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Let's say I have a base class of shapes shape and two derived classes square and circle. Now I would like to have a function where the shape is not specified

double foo(shape S)
{
return getArea;
}

but which prints the area of a square when calling

square sq();
foo(sq);

and the area of a circle when calling

circle cr();
foo(cr);

Thus, I declared a virtual function in the base class (returning only 0) and the appropriate virtual functions in the two derived classes. However, when calling foo with either a square or circle object I always get the result of the base class. How to do it properly?


EDIT:

Now the code is working, here a simple example. The solution is indeed to pass the object from the shape class (derived or not) by reference. This allows to define a generic function which accepts all kind of derived objects:

#include<iostream>

using namespace std;


class shape
{
public:
  shape (double L_par): L(L_par){};
  double getL(){return L;}
  virtual double getArea(){return 0;}

private:
    const double L;
}; 
class square: public shape
{
public:
  square (double L_par): shape(L_par),area(L_par*L_par){cout<<"square with area="<<area<<endl;};
   virtual double getArea(){return area;}

private:
    const double area;
};
class circle: public shape
{
public:
  circle (double L_par): shape(L_par),area(3.1415*L_par*L_par){cout<<"circle with area="<<area<<endl;};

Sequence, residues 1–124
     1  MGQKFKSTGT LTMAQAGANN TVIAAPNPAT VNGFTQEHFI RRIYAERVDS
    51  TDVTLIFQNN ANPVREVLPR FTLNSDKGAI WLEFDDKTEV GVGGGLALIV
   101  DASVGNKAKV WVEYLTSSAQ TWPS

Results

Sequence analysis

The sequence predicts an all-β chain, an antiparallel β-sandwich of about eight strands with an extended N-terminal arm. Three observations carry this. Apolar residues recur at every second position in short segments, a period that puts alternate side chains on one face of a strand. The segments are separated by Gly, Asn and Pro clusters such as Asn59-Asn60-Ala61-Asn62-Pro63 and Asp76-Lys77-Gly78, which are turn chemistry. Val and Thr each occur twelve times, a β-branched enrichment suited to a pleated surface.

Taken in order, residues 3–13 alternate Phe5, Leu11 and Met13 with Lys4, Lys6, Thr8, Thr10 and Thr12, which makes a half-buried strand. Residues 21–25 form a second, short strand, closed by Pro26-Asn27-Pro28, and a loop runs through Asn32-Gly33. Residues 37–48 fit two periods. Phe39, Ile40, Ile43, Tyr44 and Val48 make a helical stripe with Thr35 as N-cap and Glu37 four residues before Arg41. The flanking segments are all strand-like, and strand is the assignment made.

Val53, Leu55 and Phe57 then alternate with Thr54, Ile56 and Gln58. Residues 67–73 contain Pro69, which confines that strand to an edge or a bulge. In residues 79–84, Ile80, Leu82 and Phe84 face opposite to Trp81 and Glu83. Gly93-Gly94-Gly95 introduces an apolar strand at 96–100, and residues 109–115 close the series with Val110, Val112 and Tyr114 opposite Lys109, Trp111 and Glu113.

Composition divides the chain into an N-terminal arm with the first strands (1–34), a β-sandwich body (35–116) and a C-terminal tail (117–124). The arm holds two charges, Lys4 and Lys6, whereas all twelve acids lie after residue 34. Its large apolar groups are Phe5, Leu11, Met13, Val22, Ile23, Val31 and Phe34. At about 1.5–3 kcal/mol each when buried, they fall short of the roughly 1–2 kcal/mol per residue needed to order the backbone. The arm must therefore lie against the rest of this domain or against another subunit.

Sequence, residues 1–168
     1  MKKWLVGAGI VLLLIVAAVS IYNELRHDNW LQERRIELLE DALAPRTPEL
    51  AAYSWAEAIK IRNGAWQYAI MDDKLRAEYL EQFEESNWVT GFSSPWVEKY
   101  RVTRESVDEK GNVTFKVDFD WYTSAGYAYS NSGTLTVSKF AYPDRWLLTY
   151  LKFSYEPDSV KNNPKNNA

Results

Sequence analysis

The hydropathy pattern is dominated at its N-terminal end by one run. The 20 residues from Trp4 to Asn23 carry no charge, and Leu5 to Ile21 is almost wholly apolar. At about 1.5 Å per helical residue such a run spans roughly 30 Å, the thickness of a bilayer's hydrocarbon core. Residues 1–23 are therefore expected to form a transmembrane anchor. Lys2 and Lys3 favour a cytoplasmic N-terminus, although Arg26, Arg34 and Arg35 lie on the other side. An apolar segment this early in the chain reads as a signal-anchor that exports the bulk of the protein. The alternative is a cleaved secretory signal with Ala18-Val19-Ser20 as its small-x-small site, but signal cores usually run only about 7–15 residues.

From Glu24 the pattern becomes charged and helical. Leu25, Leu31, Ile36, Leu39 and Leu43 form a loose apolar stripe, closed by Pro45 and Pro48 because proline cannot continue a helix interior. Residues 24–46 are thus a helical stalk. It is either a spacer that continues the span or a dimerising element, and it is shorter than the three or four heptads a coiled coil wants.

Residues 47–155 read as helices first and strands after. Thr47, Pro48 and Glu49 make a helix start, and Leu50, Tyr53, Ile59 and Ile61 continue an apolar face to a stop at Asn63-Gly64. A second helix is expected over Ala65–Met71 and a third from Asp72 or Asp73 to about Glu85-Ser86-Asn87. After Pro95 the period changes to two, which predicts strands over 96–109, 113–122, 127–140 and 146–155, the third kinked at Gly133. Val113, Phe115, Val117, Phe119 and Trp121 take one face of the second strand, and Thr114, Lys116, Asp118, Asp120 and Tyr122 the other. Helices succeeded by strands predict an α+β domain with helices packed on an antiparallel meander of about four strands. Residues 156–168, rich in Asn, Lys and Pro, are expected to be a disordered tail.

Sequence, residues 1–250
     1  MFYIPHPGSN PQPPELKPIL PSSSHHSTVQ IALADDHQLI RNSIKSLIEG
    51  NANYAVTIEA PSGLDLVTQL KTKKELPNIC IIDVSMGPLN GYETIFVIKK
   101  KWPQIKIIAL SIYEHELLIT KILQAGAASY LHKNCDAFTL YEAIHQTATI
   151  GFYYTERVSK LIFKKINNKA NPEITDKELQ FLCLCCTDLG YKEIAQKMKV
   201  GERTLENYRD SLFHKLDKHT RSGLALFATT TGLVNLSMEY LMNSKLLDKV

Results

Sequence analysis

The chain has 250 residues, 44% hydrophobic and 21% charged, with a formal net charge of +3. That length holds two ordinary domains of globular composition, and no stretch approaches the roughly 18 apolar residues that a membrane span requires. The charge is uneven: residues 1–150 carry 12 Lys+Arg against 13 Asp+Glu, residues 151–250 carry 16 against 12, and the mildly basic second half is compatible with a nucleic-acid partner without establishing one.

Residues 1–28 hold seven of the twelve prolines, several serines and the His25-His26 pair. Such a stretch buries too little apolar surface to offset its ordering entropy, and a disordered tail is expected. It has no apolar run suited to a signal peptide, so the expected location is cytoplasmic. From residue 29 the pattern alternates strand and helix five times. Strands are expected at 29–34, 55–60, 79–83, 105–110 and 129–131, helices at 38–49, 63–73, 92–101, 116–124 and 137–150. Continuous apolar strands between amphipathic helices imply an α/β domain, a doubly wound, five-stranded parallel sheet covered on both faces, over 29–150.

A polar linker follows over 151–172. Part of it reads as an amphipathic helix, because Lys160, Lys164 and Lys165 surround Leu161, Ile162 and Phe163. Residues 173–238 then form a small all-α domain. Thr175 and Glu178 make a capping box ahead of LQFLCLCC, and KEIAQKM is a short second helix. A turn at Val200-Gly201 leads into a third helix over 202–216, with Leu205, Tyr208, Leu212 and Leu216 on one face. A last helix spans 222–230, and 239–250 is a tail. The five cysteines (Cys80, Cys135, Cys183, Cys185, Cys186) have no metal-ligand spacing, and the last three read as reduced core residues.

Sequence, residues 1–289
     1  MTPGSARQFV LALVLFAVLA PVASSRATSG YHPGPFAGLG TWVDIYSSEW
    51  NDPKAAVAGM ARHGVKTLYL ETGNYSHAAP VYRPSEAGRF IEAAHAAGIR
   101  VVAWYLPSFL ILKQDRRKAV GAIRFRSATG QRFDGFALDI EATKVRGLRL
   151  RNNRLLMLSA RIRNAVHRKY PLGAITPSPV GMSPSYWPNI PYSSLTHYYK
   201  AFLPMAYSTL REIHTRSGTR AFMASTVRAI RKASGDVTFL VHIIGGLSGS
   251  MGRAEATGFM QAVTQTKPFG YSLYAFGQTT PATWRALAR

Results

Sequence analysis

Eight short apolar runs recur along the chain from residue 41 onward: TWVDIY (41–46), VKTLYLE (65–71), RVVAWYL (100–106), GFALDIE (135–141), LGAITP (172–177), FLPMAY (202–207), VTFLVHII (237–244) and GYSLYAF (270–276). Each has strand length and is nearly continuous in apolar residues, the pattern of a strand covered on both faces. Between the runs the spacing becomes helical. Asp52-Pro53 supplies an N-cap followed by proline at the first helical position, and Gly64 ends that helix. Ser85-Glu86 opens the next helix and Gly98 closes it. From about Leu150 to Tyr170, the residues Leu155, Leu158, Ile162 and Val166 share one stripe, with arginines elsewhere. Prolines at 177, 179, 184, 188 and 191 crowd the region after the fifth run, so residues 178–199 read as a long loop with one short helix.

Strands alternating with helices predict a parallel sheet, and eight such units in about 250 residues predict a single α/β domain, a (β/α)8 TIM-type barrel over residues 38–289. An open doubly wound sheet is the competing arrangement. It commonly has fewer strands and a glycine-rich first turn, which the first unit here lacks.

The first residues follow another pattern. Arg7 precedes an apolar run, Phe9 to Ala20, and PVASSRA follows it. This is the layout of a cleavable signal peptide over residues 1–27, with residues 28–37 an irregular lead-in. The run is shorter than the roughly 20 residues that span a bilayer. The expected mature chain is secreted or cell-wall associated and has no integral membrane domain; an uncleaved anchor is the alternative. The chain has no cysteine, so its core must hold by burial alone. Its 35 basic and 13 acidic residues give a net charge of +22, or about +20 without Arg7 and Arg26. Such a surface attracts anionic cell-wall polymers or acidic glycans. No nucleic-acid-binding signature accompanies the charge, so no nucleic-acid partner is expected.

virtual double getArea(){return area;}

private:
const double area;
};

void foo(shape &shp)
{
  cout<<"L="<<shp.getL()<<endl;
  cout<<"area="<<shp.getArea()<<endl;
}

int main(int argc, char* argv[])
{
  double L=4;
  square sq1(L);
  circle cr1(L);

  foo(sq1);
  foo(cr1);
  cout<<sq1.getArea()<<endl;
  cout<<cr1.getArea()<<endl;
  return 0;
}
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1  
Please post ALL of your code... –  Mats Petersson Feb 21 '14 at 19:43
1  
I'd guess you are a victim of object-slicing, can't tell for sure from what you're posting as sample code. –  πάντα ῥεῖ Feb 21 '14 at 19:54

2 Answers 2

up vote 4 down vote accepted

You are passing the shape by value:

double foo(shape S) { .... }

This means the function has a copy of only the shape part of the object. This is called object slicing. You can fix this by passing a reference:

double foo(const shape& S) { .... }
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Dynamic binding through C++ is implemented using references and pointers. Therefore your function foo should take a reference to shape;

double foo(shape &s) {
    return s.getArea(); //your virtual function?
}
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